The Chamber of Advocates (the “Chamber”) has today communicated with the Judicial Appointments Committee (the “Committee”) to seek clarifications in connection with the application by the Committee of a particular policy published by the Committee some days ago in connection with the treatment and evaluation of applications for candidates for judicial office consequent to the call for applications made by the Government of Malta.
The Chamber has sought clarifications with respect to the application of the policy set out in section 2(3) of the rules and guidelines of the Committee. That policy statement reads as follows:
The independence of the judiciary both isolates the individual judge and/or magistrate from former associations to avoid the possibility of conflict of interests and imposes upon a judge and/or magistrate the highest standards in performing the duties and responsibilities of judicial office. It requires that each judge or magistrate devotes himself or herself exclusively to the duties of the judicial office, and not engage in any outside business or activity. The range of activities that are available to a practicing lawyer is therefore severely curtailed upon appointment to the bench. It is accordingly essential that any person wishing to apply for judicial office should be and be seen to be, free of any political or other affiliations that may cause the applicant to be perceived as having any form of bias or potential conflict of interest. Moreover, it is important that to avoid, or at least mitigate the possibility or perception of conflict of interest and further promote judicial independence a cooling off period ought to be allowed between the date when affiliations are severed and the date when a recommendation to take-up judicial office is made. No Applicant shall be recommended for judicial office by the Committee unless at least 12 months would have lapsed from the date when all political and other affiliations have been severed and the date of the report to the President making a recommendation.
The Chamber, whilst favouring a policy which is intended to ensure not only that any person occupying judicial office is free from any actual bias or conflicts of interest, but also free of the public perception of any such bias, expressed concern with the JAC about the 12-month cooling off period, since an application of this policy would not have given enough time for eligible advocates to sever any current affiliations in a number of organisations in which they may have held memberships, given that the policies were only published a few days ago. The Chamber has now received clarifications from the Committee that confirmed to the Chamber that whilst the policy only impacts those affiliations that create the perception of bias or conflicts of interest, it remains essential that candidates for judicial office should be free from such public perceptions. It has also clarified however that not all types or forms of affiliations fall within this category, and that accordingly the policy is not intended and indeed does not a priori disqualify anyone from applying because of any affiliation, political or otherwise. Whether an affiliation will or will not qualify as one that creates the perception of bias or conflict of interest will therefore be assessed by the Committee on the merits of each particular application and on a case-by-case basis. Accordingly, no person having any affiliation should consider this policy as a bar to apply for judicial office by simply presuming that his or her affiliation would be considered by the Committee as creating a perception of bias or conflict of interest. It is of course clear that the 12 month cooling off period adopted by the Committee will only apply where an affiliation is deemed to create the perception of bias or conflict.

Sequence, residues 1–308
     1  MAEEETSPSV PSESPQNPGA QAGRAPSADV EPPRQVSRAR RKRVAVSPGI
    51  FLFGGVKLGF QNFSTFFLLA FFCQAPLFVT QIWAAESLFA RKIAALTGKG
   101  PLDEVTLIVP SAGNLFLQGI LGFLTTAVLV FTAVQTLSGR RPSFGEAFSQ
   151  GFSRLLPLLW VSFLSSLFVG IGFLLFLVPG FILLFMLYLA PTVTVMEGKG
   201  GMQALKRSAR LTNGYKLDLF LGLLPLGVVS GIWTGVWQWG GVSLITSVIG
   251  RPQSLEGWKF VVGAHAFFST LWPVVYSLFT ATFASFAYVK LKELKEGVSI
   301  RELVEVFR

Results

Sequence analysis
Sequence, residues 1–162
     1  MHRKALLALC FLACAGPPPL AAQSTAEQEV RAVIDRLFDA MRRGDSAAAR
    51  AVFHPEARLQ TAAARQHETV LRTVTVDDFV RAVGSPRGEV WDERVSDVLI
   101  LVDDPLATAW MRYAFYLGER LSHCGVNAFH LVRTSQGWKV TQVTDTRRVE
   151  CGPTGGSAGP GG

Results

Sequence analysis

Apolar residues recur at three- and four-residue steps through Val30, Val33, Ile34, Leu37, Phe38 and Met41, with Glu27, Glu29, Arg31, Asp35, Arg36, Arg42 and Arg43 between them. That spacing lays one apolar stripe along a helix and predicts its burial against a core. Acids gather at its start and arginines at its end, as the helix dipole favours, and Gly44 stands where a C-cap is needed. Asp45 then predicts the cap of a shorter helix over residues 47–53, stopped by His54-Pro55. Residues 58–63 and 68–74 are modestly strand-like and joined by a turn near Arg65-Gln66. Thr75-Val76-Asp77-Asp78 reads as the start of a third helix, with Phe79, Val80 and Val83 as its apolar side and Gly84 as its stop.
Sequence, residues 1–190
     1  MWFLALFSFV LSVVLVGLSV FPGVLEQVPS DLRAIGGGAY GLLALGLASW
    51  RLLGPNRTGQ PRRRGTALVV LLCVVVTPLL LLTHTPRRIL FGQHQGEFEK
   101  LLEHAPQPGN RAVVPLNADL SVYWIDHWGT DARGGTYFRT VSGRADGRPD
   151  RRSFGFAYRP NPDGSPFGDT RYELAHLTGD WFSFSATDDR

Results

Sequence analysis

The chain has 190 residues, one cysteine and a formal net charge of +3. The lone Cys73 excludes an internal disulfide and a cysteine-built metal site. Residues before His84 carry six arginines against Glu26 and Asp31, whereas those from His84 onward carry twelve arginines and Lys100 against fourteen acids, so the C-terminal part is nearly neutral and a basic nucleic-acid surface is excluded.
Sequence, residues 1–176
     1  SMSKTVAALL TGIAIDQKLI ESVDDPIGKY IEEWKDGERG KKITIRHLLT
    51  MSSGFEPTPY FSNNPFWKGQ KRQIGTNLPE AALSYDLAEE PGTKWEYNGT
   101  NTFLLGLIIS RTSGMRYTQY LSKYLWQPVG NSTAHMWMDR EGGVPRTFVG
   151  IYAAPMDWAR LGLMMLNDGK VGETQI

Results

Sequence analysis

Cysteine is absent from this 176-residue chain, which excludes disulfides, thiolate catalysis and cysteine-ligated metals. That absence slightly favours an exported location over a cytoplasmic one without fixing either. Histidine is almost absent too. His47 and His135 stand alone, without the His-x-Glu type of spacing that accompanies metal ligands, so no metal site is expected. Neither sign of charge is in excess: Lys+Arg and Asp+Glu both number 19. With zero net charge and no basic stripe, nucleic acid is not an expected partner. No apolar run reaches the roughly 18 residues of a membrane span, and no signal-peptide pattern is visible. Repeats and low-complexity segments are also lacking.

It is the Chamber’s understanding that a passive or low-key membership in an organisation would not, for instance, of itself, constitute an affiliation that creates the perception of bias or a conflict of interest and would only do so if accompanied by other factors that would create or are likely to create a public perception.
The Chamber encourages all members who may have a political or any other affiliation and who are interested in judicial office to apply for such office, since those affiliations will not necessarily be considered as creating a bias by the Committee.
Stefan Camilleri Secretary General
Chamber of Advocates